While profitability is essential for any start-up to ensure ongoing viability, profits alone aren’t what separates a successful business from a mediocre one.
If you’re a budding entrepreneur, being curious and asking tough questions is a good start on the path to success.
But the key trait shared by all successful entrepreneurs is a willingness to disrupt established industries. And it’s the source of that willingness to disrupt which separates the good from the great.
So, what drives entrepreneurs to want to disrupt an industry?
Perhaps they are seeking fame and fortune? Maybe it’s the ego that drives the person to prove to the world – and more importantly, themselves – that they can invent a solution to a problem? Maybe, just maybe, entrepreneurs disrupt things for fun?
Successful entrepreneurs, according to Forbes, dream big about things other than money.
It ranks the top 6 motivations driving entrepreneurs as:
All of which are emotional rather than financial goals.
Look at how a renowned entrepreneur became famous and the response often boils down to “they built a better mousetrap”. This well-known phrase is an idiom, a shortened version of: “Build a better mousetrap, and the world will beat a path to your door.”
Coined by American philosopher Ralph Waldo Emerson, its meaning is clear: “To invent the next great thing, you have to have a better idea.” That is, a better mousetrap will be disruptive to all the current mouse traps.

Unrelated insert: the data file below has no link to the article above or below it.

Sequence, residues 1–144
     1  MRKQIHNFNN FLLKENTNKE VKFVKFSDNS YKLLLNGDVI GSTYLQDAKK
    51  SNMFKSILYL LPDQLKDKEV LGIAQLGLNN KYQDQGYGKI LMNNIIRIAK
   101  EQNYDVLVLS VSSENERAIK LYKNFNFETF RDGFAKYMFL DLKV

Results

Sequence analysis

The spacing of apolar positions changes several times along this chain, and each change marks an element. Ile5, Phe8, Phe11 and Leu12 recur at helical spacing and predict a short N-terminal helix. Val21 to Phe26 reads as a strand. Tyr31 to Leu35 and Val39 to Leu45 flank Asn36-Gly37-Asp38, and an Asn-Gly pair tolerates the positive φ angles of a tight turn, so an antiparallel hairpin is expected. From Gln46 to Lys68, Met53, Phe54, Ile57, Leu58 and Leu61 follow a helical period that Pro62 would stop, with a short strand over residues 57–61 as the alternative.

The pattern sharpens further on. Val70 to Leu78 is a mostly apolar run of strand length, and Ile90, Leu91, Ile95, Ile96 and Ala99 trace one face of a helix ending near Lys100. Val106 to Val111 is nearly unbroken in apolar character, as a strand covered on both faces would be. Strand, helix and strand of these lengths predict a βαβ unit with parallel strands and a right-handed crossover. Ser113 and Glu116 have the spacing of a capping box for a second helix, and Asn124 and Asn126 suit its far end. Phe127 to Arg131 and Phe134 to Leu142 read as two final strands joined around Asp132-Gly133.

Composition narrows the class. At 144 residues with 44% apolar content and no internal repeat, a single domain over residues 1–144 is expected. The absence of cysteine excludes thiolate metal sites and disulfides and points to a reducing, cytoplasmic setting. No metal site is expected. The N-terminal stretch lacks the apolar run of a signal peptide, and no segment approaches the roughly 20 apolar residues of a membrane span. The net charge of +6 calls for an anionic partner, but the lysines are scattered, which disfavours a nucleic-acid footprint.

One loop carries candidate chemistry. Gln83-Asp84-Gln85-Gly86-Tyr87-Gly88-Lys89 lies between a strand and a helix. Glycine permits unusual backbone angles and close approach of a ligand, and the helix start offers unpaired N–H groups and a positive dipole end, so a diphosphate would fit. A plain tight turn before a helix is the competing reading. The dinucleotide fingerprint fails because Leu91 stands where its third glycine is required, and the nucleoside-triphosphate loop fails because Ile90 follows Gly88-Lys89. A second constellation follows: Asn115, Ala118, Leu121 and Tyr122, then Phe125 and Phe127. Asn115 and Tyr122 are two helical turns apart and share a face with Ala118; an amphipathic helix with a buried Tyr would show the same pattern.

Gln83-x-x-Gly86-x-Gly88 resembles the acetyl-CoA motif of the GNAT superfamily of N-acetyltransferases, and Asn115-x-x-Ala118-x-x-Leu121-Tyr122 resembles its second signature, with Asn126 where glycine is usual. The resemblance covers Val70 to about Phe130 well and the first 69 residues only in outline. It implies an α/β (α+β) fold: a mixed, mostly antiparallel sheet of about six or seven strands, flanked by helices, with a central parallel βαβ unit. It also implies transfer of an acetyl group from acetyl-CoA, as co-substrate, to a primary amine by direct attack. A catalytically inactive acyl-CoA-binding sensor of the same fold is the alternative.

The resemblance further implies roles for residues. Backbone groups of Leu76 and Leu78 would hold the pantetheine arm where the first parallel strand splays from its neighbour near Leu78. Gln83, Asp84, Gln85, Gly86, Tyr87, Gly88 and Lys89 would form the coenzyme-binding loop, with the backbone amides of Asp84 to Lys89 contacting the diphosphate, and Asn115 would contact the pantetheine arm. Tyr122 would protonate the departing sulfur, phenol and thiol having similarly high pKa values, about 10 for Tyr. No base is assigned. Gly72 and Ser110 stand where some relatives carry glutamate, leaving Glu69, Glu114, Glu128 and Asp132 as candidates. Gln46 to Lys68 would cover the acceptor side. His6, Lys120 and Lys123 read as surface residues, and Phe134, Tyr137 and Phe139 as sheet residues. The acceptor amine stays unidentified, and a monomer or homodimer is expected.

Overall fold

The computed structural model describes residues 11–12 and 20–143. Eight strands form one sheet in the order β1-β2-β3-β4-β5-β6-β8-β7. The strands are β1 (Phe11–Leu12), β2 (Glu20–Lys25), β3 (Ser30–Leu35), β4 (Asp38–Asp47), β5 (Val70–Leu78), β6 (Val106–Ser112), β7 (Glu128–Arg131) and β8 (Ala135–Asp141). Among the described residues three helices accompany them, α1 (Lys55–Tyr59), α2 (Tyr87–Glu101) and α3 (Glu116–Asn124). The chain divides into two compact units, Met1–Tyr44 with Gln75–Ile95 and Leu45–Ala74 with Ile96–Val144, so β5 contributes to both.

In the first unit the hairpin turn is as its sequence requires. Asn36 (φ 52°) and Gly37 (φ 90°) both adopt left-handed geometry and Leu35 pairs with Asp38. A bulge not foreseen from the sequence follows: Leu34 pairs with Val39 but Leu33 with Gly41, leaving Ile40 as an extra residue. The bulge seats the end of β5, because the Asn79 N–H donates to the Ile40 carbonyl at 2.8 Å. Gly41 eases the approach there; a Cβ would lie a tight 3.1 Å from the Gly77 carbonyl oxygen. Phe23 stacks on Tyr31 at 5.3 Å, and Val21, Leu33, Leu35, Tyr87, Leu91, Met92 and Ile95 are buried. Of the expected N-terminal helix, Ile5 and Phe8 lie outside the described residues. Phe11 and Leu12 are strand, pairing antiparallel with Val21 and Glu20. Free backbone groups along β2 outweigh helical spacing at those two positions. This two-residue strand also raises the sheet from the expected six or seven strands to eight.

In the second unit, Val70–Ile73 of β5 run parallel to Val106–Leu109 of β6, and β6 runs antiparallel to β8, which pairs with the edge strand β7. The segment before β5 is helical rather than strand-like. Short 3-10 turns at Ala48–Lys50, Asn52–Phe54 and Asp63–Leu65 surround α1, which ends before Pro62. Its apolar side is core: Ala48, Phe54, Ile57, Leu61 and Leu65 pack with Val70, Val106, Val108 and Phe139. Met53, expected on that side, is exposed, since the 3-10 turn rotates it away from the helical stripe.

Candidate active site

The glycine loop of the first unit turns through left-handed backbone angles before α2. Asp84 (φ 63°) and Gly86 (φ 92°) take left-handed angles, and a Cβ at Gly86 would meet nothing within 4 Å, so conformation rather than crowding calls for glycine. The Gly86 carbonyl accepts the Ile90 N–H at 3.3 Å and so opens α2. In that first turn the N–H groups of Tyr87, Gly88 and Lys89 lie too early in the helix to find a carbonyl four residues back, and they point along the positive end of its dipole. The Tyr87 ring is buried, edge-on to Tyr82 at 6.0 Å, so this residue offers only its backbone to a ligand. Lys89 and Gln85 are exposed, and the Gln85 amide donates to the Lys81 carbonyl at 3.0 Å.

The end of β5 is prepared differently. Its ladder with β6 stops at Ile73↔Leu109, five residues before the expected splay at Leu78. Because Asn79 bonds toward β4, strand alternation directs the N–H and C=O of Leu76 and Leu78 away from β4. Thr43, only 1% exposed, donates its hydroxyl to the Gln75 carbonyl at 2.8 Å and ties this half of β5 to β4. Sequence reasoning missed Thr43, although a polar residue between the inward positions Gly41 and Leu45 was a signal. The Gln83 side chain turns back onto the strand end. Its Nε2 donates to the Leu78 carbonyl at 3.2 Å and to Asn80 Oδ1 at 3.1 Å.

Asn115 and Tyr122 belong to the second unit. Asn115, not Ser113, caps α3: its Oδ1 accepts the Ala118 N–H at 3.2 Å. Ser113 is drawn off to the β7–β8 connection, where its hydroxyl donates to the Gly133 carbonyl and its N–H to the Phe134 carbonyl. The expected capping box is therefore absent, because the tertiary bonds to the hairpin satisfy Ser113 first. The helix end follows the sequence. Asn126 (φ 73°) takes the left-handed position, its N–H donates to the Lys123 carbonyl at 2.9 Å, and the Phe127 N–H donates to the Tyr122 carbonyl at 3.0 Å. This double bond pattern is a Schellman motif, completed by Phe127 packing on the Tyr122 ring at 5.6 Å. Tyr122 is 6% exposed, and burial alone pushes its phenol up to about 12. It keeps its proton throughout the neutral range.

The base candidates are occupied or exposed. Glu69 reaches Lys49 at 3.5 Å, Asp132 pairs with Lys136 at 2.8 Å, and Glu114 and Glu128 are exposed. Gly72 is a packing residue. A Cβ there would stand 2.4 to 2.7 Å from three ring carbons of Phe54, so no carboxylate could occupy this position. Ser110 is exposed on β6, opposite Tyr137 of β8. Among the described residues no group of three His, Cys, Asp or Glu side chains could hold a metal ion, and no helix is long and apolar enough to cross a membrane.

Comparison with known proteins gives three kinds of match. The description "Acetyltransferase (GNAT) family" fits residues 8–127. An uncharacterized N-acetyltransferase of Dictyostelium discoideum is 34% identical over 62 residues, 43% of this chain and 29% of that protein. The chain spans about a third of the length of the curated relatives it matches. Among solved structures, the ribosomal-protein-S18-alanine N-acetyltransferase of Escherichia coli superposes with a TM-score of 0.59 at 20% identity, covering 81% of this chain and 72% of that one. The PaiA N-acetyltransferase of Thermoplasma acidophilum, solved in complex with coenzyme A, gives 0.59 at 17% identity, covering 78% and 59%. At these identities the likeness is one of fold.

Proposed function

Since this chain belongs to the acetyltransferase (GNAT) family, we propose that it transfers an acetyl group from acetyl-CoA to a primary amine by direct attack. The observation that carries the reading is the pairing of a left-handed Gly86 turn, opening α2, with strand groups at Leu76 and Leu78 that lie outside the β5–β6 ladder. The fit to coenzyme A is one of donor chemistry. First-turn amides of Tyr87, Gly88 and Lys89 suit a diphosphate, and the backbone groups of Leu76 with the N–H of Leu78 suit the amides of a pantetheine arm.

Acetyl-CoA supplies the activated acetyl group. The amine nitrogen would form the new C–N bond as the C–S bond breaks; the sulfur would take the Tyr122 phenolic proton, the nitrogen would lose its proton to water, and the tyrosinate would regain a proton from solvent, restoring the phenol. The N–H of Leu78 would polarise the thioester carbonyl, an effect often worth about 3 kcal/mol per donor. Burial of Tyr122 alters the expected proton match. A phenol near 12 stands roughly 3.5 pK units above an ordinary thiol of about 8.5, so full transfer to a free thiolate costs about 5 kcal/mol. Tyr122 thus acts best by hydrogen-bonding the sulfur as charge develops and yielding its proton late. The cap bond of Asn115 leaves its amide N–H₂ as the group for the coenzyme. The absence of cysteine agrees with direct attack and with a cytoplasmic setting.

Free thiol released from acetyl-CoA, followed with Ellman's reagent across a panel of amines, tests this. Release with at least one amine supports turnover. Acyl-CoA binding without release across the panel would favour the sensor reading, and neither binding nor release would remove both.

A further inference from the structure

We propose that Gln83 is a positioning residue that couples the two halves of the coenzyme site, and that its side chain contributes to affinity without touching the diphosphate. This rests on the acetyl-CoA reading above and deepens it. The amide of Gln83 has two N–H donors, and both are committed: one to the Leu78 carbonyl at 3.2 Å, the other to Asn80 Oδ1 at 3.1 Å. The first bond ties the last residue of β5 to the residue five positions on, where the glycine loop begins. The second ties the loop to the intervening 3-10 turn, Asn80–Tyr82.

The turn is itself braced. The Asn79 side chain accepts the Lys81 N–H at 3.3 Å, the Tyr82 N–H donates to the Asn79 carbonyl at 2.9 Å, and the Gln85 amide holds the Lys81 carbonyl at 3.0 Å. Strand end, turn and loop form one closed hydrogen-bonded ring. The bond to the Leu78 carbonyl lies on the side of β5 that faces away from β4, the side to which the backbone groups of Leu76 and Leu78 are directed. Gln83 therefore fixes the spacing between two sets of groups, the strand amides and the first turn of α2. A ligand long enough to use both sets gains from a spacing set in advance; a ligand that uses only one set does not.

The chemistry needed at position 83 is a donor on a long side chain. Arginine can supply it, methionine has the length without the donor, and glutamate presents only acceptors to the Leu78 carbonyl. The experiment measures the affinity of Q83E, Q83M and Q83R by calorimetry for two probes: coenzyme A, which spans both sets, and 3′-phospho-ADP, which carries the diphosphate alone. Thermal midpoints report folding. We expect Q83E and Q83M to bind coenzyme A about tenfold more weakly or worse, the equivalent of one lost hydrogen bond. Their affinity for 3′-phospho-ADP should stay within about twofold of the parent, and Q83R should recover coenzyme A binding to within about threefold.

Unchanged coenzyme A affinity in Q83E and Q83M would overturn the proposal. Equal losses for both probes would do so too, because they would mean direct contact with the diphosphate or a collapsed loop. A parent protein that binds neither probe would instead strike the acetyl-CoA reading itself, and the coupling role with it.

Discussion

And when the world beats a path to your door (i.e., you have the fame), the fortune generally follows.
Interestingly, fame is always referenced before fortune – suggesting that we hold a recognition of achievements higher than we do financial gains.
That idea is backed by a 2019 study of almost 400 video content creators.
The researchers determined that even though the practice of video content creation is becoming more commercialised and professionalised, the extrinsic motivations often associated with work (such as income, prestige) remain less significant drivers for content creation than intrinsic motivations (including enjoyment, socialisation).
All traits we typically associate with leisure activities.
When we as a society reference entrepreneurship, we often describe it as “the dream of being self-employed”. Behind that dream lies a desire for self-satisfaction, personal growth and of taking charge of our own destiny. Rarely is making money behind the dream. (In fact, start-ups generally cost more than they make in those early days.)
Meanwhile the desire to be seen and valued is the biggest perceived appeal of fame, followed by the desire for status, followed by a pro-social motivation. Again, dollars aren’t front of mind.
Making a difference – whether to ourselves and our own lives/sense of self, or to the world at large – is both the driving force behind, and source of motivation for, the rigours of entrepreneurial pursuits.
By definition, passion is a “strong and barely controllable emotion”.
Profit, meanwhile, is “a financial gain, especially the difference between the amount earned and the amount spent in buying, operating, or producing something”.
A start-up is a perfect test for a person with passion: barely controllable emotion to get an idea working. And sustained interest to see it through.
For-profit chasers, however, a start-up (especially in its early days) is a huge risk. Arguably they would be better off buying a lottery ticket: a chance to profit handsomely without the sizeable investment or effort.
As Amazon’s billionaire founder Jeff Bezos once said, “One of the huge mistakes people make is that they try to force an interest on themselves. You don’t choose your passions; your passions choose you.” Profit is merely a by-product of that passion.
Alan Manly OAM is the CEO of Universal Business School Sydney (UBSS) and author of The Unlikely Entrepreneur. To find out more, visit www.ubss.edu.au.